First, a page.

Bangladeshi female workers back from ME countries tell their tales

UNB . Dhaka | Update:

There are about 700,000 Bangladeshi female workers in Saudi Arabia and other Middle Eastern countries. Photo: UNBHaving failed to endure physical and mental torture in an office in Saudi Arabia, a Bangladeshi female worker tried to escape jumping off a two-storey building and suffered severe injuries, leading her to undergo treatment at a hospital there for two months.

The dream of Dalia, in her early 20s, got shattered immediately after the horrific experience in a foreign land. Dalia, the lone bread earner of her family, had to return home empty-handed.

The Bangladesh Embassy in Saudi Arab facilitated the return of Dalia and many others.

The ill-fated woman narrated her traumatic experience to the UNB correspondent on her return home on 27 August with 109 other female workers by a flight of Emirate Airways (EK 584).

Dalia said she went to Saudi Arabia on 10 July 2018 leaving her child and husband behind through Concord Apex Agency paying Tk 60,000 and her salary was fixed at 1,000 Saudi Riyal but she received only 800 Riyal.

“I was supposed to take care of a woman but I was forced to do all the household works there and then I was sold out on 17 March,” Dalia said with her eyes full of tears.

With a hope to have a better life, thousands of Bangladeshi female workers go to Middle Eastern countries every year but many of them have to return home being victims of oppression, abuse and deception.

Morsheda of Birampur upazila in Dinajpur went to Saudi Arabia as a housekeeper through Business Alliance Agency.

“They had promised me to pay Tk 20,000 as monthly salary but I was paid only Tk 16,000, and it was irregular, too. Whenever I asked for my dues, the house owner used to lock me into a room for 2-3 days. I worked for 18 months but got the salary for only five months,” Morsheda said.

Morsheda went on saying, “I went to police to lodge a complaint over the irregular salary but they put me into jail. After five months, I came back home with the help of Bangladesh Embassy.”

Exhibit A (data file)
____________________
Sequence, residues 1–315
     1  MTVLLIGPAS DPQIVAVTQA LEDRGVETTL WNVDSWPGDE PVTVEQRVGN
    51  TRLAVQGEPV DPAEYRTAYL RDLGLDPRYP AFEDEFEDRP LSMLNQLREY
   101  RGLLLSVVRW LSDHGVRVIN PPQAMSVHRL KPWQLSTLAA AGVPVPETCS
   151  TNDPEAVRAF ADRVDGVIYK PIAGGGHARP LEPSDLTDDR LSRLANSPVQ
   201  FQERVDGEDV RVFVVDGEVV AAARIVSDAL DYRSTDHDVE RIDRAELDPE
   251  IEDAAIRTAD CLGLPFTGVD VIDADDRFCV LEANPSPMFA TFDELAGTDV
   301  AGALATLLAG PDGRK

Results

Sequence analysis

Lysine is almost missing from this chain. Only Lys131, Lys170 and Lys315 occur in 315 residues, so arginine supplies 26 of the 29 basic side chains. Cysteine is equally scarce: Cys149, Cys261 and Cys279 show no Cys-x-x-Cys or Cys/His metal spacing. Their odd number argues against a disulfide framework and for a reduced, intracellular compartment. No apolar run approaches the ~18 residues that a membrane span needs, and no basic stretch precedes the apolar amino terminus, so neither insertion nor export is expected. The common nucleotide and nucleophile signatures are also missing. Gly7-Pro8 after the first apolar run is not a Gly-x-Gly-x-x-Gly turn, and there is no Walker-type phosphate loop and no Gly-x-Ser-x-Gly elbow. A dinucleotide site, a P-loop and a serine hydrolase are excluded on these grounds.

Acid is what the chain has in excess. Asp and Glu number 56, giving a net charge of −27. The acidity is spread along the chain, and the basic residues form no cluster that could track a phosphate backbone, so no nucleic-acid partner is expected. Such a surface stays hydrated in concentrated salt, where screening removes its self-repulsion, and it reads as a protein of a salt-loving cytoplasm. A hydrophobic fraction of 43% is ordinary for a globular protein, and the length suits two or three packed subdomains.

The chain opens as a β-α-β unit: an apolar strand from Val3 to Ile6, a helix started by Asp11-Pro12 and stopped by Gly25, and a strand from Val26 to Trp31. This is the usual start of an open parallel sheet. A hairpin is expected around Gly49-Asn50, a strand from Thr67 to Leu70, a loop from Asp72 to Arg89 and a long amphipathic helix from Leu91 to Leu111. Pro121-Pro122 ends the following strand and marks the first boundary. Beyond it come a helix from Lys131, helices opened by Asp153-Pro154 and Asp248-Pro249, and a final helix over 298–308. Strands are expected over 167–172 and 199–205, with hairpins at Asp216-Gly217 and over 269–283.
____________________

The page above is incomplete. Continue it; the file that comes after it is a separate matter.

Another woman, Minu Begum, 37, of Kalkini upazila in Madaripur, went to Saudi Arabia in 2018 through an agency at Fakirapool in the capital with a promised salary of Tk 20,000 a month but she came back home after three months without a single penny.
“The owner used to torture me sexually,” she said.

At least 10,000 female workers returned home after being tortured by house owner in different Middle Eastern countries, including the KSA, said Shariful Hasan, programme head of BRAC Migration Programme.

The number of such women might be higher, Shariful added.

These victims took shelter first at the immigration camp and safe home of Bangladesh Embassy and then returned to Bangladesh.

According to Bureau of Manpower Employment and Training (BMET), 322,444 female workers went to Saudi Arabia between 1991 and 2019 July. There are about 700,000 Bangladeshi female workers in Saudi Arab and other Middle Eastern countries.

BMET data shows 2,222 women who have returned home since January 2018 till date while many others have been staying at the Safe Home of Bangladesh Embassy in Saudi Arabia to get back home.

BMET sources said they have opened a hotline for lodging complaints and pressurising the agencies concerned to compensate the victims.

Meanwhile, BMET forced agencies to compensate over 260 women workers in 2019, the sources said.

Expatriates' Welfare and Overseas Employment secretary Rownaq Jahan said this is true that many women are coming back home but all of their complaints are not true.

She said Bangladesh embassies are dealing with these issues and discussions were held with International Labour Organization (ILO) and International Organization for Migration (IMO) representatives to raise awareness about the repression of migrant workers.

According to information provided by BRAC Migration Programme, female workers returning home falling victims to abuse, maltreatment and fraud by their employers.

Benjir Ahmed, president of Bangladesh Association of International Recruiting Agencies (Baira), said all the complaints filed by women who returned home from Saudi Arabia and other Middle Eastern countries are not correct but some found to be true.

“Foreign recruiting agencies are responsible for the abuse of female workers,” Benjir said adding that if steps could be taken against those immediately the complaints would have come down.

Baira secretary general Shameem Ahmed Chowdhury Noman said, “Bangladeshi agencies aren’t responsible for the return of the female workers falling victims to torture and abuse because it’s not possible to monitor the things happening in Saudi Araiba from here.”

All the embassies in those countries have information about the recruiting agencies and Bangladesh embassies in those countries could take steps against those agencies, Shameem added.

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